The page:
Richard Merritt trial: Disbarred attorney takes stand, claims he saw who murdered mother

The disbarred attorney accused of murdering his mother took the stand in his own defense Tuesday afternoon.

Richard Merritt told a jury he is not the one who stabbed his mother to death.   Merritt told jurors two men with pistols, held he and his mother at gunpoint and ultimately killed her with a knife right in front of him.


Merritt told the jury he loved his mother Shirley.

Shirley Merritt

He said she was one of the few people who supported him after he was convicted of stealing more than half a million dollars from 17 former clients in Cobb County.

Merritt calmly wove a story together about two armed men that he called "monsters" being the ones who came to his mother's Stone Mountain house and killed the 77-year-old in front of him on the very day he was supposed to turn himself in at the Cobb County jail.

"We heard a loud knock at the front door. Two men pointed pistols at me, so I let them in," Merritt said. "That monster took a dumbbell and bludgeoned my mother in front of me. The other one came back with a kitchen knife and stabbed my mom in front of me."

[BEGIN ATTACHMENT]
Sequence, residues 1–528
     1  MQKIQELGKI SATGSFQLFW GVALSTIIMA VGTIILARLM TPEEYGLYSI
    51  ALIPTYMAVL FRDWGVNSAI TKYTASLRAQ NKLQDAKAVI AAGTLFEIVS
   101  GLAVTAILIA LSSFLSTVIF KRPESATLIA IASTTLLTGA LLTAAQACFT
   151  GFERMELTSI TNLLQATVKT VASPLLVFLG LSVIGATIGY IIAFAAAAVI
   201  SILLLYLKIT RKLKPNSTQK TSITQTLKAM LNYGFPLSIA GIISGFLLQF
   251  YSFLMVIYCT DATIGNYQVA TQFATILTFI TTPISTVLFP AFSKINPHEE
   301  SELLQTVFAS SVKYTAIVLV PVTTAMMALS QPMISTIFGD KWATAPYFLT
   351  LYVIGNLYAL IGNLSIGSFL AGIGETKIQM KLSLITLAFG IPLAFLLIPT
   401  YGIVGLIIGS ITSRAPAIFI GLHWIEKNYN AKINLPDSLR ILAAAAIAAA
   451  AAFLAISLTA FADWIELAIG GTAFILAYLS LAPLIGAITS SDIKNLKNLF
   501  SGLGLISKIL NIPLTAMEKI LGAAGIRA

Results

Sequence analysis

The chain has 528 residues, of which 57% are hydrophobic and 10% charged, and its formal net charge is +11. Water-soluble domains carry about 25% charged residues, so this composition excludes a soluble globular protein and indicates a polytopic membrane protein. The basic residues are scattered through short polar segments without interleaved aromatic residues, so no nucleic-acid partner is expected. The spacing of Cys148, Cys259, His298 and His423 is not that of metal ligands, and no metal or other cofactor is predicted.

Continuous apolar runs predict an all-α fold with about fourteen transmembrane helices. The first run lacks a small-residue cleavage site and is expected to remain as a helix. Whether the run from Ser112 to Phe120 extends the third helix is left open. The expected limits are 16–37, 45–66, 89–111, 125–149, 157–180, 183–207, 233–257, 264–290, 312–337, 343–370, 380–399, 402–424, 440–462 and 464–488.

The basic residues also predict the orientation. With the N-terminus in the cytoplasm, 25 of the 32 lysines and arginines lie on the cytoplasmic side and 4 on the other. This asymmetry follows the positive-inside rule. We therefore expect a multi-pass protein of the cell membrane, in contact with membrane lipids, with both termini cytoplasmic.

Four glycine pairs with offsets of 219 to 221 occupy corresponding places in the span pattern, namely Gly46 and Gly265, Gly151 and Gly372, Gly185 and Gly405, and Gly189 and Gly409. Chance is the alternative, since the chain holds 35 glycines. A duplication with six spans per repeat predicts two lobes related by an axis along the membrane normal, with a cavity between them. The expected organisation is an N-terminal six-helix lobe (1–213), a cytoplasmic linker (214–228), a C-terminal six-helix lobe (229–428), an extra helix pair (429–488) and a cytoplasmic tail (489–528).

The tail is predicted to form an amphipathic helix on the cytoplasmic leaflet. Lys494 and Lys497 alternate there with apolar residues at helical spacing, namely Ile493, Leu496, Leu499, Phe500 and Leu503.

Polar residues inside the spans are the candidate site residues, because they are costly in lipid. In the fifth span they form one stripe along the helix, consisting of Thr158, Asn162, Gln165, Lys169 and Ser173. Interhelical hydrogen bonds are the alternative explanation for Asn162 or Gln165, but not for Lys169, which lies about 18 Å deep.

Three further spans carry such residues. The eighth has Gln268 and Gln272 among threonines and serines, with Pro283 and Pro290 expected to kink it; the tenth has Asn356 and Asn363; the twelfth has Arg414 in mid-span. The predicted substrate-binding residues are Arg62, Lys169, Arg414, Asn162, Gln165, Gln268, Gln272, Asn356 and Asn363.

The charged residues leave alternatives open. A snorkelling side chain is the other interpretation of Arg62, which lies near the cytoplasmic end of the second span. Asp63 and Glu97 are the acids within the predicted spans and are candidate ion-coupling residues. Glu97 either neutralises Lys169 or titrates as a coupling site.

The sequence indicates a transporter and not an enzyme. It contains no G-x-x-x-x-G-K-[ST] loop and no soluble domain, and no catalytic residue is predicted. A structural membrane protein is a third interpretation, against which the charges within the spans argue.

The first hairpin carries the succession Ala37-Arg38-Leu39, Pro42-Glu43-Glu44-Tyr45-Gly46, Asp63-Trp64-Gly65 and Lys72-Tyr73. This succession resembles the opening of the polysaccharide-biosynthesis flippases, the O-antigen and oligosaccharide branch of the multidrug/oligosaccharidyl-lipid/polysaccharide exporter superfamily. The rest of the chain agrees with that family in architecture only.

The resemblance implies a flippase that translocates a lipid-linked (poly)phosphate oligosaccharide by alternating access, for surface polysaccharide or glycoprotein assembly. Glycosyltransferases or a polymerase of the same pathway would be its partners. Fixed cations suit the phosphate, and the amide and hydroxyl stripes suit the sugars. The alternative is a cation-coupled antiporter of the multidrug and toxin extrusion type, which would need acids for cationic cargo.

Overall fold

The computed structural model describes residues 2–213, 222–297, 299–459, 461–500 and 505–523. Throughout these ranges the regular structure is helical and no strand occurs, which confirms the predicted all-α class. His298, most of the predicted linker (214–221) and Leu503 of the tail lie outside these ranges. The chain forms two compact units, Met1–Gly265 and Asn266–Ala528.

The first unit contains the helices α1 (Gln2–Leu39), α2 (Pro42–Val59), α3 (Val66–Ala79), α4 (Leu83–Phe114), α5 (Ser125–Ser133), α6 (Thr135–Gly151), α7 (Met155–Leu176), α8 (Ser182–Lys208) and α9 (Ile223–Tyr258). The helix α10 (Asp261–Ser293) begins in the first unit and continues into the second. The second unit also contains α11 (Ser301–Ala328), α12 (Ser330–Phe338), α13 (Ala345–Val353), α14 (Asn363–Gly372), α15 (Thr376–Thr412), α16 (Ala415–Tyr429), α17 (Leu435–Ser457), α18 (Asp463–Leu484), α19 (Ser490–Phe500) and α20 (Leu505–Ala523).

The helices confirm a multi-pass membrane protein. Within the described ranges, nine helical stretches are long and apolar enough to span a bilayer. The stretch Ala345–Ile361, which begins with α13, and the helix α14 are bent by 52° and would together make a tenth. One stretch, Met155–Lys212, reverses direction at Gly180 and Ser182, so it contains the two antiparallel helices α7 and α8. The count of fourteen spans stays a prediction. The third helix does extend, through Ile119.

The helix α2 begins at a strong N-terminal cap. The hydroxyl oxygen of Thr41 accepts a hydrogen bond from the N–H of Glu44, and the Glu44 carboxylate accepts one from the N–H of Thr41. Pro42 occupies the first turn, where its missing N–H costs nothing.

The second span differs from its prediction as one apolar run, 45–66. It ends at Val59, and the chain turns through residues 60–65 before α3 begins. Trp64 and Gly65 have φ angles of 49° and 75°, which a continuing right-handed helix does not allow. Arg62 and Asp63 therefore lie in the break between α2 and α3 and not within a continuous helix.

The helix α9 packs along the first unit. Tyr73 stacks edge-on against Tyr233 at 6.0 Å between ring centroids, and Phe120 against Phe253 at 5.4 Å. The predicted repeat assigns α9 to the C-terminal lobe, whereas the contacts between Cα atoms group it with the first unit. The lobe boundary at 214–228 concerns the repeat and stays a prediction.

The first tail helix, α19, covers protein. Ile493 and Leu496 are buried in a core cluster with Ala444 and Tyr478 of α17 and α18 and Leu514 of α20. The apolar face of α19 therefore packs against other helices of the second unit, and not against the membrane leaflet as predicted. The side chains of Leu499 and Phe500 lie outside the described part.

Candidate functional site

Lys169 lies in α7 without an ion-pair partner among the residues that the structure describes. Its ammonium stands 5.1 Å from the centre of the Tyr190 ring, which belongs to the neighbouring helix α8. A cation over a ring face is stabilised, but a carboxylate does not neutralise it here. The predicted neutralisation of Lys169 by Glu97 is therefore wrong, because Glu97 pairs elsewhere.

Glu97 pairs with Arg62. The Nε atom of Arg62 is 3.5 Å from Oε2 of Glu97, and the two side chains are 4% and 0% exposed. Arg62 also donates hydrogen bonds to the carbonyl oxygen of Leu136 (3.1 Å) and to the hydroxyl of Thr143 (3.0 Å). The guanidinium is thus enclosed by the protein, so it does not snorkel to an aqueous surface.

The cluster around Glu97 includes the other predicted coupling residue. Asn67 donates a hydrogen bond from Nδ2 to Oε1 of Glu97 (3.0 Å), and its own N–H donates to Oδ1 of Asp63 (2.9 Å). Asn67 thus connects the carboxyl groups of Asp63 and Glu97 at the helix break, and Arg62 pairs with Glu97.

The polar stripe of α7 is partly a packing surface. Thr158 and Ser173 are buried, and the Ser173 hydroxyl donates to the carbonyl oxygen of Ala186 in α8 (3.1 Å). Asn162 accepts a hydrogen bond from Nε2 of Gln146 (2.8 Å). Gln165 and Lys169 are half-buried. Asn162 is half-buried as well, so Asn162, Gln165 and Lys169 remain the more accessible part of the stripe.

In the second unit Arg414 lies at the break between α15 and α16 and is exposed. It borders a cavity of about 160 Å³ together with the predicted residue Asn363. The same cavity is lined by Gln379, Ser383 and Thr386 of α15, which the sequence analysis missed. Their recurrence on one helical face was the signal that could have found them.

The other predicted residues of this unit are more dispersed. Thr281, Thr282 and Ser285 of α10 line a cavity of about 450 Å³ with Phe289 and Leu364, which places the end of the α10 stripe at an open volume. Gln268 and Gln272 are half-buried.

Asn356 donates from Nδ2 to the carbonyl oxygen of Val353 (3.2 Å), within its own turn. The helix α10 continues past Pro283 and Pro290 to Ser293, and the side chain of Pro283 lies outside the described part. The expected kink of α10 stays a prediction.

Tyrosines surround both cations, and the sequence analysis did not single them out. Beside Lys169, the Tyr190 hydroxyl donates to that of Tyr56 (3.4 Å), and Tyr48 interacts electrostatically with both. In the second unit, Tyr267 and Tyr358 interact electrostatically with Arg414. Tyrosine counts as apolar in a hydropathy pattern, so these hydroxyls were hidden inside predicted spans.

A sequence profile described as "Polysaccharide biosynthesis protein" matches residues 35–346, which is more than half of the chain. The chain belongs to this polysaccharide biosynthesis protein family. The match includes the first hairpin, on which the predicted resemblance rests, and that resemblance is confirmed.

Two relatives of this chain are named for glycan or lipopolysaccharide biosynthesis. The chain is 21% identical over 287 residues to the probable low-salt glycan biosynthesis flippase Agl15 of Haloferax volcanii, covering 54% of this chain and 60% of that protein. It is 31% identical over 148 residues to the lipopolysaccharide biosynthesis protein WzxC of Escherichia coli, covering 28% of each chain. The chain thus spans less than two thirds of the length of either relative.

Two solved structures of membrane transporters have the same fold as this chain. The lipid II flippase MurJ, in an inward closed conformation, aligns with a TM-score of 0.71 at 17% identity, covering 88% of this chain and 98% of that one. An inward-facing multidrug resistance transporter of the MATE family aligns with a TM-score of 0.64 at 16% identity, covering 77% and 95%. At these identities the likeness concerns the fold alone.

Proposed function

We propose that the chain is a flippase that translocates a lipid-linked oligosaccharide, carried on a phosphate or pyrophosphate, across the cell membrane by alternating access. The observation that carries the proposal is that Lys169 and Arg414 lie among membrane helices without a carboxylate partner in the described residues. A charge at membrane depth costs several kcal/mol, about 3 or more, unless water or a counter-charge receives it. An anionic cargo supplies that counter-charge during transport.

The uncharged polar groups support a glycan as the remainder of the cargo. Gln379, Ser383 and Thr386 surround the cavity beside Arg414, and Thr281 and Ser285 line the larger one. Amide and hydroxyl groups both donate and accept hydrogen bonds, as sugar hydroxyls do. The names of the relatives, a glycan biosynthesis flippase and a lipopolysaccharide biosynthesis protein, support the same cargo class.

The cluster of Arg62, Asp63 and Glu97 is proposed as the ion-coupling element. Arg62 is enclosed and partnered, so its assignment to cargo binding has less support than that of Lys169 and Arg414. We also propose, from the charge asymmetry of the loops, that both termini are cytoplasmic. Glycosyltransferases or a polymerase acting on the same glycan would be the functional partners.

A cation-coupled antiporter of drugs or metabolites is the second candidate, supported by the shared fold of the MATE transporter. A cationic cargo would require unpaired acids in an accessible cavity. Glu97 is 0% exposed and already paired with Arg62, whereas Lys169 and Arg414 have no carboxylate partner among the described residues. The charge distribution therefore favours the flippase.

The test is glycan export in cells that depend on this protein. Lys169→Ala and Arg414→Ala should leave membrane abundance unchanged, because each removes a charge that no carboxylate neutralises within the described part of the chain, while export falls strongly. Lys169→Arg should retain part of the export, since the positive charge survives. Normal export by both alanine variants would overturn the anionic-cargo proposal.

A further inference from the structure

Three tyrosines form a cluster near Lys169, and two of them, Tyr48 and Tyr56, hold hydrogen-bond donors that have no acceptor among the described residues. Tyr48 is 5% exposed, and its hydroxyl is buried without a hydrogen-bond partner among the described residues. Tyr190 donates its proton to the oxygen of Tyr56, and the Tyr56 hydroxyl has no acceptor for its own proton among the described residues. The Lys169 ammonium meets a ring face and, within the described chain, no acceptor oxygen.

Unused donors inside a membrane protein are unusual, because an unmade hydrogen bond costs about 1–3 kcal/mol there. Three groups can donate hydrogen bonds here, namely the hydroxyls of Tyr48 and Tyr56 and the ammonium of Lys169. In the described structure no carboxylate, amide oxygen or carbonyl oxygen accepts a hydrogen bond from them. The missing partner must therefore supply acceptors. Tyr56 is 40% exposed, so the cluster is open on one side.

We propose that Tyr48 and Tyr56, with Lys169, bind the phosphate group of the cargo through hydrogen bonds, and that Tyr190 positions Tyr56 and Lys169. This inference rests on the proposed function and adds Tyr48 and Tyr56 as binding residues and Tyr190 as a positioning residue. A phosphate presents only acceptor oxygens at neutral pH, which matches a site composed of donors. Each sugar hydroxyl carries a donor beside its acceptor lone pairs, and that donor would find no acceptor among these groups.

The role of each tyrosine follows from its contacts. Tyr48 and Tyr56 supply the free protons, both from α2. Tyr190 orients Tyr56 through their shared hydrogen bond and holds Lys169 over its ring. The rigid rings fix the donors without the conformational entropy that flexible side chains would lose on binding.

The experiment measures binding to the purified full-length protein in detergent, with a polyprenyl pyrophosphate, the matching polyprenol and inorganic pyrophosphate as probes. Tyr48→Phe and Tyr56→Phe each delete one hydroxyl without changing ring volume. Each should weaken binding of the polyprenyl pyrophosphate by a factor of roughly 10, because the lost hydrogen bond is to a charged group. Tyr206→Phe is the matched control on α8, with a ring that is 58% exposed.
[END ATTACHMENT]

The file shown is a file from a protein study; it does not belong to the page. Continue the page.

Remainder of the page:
Merritt said the two gunmen told him if he ever uttered a word about what happened, they would kill his ex-wife and two children. He says that is why he fled to Nashville and started a new life. He denied any involvement in the murder when questioned by his attorney.

"Did you kill your mother?" defense attorney Daryl Queen asked plainly.

"Of course not. I am not a violent person. I loved my mother," he said.

Richard Merritt and his mother Shirley Merritt, side-by-side.

During cross-examination prosecutors inferred Merritt fabricated the story. They questioned why the murder suspect never called police as his mother was slain on the floor, but rather cut off his ankle monitor and fled the city to create a new life in Nashville.

"Is it fair to say when you are in trouble, you lie to get out of it?" one of the prosecutors asked him.

"I don't believe that's fair to say at all," Merritt answered.

Both sides rested on Tuesday. Closing arguments are expected to begin Wednesday morning.